Since the 1770’s, the Seychelles have undergone a significant amount of landscape and wildlife modifications due to human settlement and exploitation (Gerlach, et al., 2013; Kueffer, et al., 2013).Prior to the arrival of European explorers in the 1770’s, no human presence was documented throughout the Seychelles (Minority Rights Group International, 2007). In less than a century, the Seychelles was almost completely deforested, and the exploitation of these islands continued until the 1970s, when tourism became an economic booster and a key driver promoting the restoration of the Seychelles (Kueffer, et al., 2013). Efforts to preserve the islands became one of the main drivers for the reintroduction of giant tortoises to Frégate, Cousine, and North Island. The Aldabra Tortoise (Aldabrachelys gigantean), and some recognized subspecies (A. g. hololissa and A. g. arnoldi) were almost driven to extinction in the Seychelles.
The first historical account recorded of the Tortoises was in 1609 on the Granitic islands of Seychelles, and there was another record from around 1742 describing the presence of giant tortoises within the Aldabran Atoll ( which is now a UNESCO World Heritage Site) (Bour, 1984). They are an endemic species of reptile on the Seychelles that was at one time on the brink of extinction until historical figures, such as Charles Darwin and Albert Gunter, sought for the protection of all the Giant Tortoise species in the Indian Ocean around 1874 (Bour, 1984; Nicholls, n.d.). This can be considered one of the earliest modern conservation cases (Bour, 1984).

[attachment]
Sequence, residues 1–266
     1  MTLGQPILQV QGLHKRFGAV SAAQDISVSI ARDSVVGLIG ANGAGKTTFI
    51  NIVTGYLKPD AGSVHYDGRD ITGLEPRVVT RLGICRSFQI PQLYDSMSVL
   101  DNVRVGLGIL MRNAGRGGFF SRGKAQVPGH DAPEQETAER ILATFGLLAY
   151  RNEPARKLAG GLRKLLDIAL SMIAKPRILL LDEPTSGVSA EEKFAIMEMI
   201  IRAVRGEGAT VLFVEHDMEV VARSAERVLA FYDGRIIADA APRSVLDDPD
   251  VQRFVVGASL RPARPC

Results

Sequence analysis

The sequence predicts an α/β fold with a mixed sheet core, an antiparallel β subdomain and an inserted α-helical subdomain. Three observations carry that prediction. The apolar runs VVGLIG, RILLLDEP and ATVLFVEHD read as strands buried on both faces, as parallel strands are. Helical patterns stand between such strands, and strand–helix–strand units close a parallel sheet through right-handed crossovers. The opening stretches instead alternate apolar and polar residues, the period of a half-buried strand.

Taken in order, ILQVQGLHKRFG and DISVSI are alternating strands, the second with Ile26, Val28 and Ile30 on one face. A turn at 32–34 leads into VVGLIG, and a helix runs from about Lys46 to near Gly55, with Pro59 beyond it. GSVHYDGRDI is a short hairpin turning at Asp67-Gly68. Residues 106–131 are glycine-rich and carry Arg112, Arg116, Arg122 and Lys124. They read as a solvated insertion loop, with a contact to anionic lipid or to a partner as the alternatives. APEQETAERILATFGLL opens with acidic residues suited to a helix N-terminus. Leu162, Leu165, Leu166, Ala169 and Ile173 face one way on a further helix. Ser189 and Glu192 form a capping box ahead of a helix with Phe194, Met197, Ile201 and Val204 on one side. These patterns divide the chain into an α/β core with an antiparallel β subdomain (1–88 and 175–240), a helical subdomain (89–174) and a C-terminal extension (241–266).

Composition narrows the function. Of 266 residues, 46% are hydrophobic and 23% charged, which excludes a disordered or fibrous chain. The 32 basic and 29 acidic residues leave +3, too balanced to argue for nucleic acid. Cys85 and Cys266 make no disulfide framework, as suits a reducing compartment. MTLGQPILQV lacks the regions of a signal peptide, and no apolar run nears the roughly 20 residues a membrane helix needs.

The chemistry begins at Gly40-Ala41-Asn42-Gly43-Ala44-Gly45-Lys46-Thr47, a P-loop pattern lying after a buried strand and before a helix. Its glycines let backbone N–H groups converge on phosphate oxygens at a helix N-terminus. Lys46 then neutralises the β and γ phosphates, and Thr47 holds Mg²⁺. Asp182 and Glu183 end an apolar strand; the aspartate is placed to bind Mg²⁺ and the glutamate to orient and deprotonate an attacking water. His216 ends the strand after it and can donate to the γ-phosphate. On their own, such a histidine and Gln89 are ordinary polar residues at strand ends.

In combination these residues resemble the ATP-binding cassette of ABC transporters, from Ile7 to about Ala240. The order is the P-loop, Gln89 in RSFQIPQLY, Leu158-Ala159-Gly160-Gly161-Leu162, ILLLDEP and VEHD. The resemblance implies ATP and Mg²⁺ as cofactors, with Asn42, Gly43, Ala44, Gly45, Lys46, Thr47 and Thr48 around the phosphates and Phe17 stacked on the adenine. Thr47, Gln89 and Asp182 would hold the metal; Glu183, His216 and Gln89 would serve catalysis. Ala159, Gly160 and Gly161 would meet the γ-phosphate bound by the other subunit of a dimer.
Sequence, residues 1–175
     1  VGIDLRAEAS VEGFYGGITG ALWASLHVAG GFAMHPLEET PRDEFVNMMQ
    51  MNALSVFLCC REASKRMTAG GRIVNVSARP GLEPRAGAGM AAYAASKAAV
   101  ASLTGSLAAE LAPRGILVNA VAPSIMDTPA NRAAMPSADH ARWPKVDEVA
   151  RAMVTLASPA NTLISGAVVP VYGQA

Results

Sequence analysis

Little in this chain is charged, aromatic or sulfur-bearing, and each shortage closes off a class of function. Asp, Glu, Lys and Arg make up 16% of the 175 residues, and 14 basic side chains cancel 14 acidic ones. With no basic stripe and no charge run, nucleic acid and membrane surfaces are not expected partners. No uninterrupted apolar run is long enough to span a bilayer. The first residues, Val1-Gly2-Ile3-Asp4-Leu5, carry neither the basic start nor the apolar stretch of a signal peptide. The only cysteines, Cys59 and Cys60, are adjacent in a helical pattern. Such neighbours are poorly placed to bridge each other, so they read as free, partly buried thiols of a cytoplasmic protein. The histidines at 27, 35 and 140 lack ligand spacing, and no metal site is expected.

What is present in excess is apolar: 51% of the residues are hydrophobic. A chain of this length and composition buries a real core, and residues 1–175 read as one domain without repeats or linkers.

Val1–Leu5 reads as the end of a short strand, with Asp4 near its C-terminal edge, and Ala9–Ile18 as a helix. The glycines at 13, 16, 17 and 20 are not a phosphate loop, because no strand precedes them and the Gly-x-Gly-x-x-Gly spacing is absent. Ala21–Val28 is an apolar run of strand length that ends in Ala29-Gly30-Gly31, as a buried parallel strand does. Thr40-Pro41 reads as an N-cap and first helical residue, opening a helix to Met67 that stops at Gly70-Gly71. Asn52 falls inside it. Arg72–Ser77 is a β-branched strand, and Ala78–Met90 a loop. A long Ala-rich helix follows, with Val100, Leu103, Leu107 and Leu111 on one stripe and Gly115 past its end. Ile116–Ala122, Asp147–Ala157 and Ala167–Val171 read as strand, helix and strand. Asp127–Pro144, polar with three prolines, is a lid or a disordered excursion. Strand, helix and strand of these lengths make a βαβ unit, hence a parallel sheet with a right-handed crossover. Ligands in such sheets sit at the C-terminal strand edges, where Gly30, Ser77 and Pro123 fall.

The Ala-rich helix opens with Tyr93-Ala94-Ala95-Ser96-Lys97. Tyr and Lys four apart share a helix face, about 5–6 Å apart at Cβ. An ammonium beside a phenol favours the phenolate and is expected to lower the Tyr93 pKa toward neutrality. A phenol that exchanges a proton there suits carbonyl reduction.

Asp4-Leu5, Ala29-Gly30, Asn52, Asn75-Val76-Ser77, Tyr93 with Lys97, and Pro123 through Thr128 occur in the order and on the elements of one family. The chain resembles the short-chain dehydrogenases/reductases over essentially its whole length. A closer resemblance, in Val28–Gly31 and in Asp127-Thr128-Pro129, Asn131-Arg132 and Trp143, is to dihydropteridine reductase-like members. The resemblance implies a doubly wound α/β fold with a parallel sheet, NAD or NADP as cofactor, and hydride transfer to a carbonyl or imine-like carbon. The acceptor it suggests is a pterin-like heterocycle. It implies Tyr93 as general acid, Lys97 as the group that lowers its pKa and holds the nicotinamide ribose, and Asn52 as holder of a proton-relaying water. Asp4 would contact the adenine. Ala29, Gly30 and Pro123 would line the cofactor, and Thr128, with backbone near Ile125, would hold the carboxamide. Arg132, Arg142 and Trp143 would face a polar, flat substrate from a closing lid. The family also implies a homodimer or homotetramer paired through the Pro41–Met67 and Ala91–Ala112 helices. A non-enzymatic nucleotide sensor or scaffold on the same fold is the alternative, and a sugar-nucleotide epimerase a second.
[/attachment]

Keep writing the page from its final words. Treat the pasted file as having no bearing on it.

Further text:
These populations were in need of protection, as ships visiting the Seychelles frequently removed Aldabra Tortoises as a source of food that was delicious and that kept especially well during voyages(Cheke, et al., 2010) (Chambers, 2004). Colonial settlers were utilizing tortoise populations as a source of food, while also logging hardwood areas –destroying habitats that the tortoises depended on (Bour, 1984).
By the 1870’s these creatures had been virtually driven extinct and only a few remained in the Seychelles and Mauritius (Chambers, 2004). Chambers (2004) writes on an account from Günter, in which the loggers were about to move into a remote area on the Aldabra Atoll, where the tortoise population had survived untouched and he was worried would be decimated. He contacted Darwin and others to petition to save these Tortoises. At this time they were called the“Indian Tortoise” and Günter and others wrote a letter to the Governor of Mauritius to ensure there was no imminent extermination of these species (Chambers, 2004). After a lengthy fight this mission was successful and it led to tortoises being transferred “to the central Seychelles, [to which] then [they had] possibly mixed…with the last remnant endemic specimens” (Bour, 1984, p. 282).
Over time, the giant tortoise has become recognized as a species facing significant risk and has been since protected and re-established successfully on many of the islands of Seychelles, however, these population continue to face challenges presented by predators, climate change and human activities such as poaching and habitat degradation (Gerlach, et al., 2013; Hambler, 1994).